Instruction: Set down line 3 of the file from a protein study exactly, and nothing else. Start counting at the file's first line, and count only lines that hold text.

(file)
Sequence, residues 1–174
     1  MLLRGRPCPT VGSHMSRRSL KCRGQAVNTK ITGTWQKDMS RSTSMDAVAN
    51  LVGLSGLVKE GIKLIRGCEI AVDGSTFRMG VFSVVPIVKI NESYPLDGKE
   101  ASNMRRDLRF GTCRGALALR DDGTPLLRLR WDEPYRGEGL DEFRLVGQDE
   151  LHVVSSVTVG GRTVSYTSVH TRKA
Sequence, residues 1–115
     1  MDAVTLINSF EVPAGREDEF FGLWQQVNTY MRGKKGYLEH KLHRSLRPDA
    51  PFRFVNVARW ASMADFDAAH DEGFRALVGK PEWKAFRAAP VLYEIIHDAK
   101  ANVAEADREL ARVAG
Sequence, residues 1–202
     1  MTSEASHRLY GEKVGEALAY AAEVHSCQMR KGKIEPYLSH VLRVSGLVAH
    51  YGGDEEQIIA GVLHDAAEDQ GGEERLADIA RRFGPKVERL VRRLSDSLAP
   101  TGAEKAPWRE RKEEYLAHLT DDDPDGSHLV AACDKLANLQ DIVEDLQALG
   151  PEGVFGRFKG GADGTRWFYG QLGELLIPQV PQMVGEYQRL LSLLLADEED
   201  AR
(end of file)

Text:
    51  LVGLSGLVKE GIKLIRGCEI AVDGSTFRMG VFSVVPIVKI NESYPLDGKE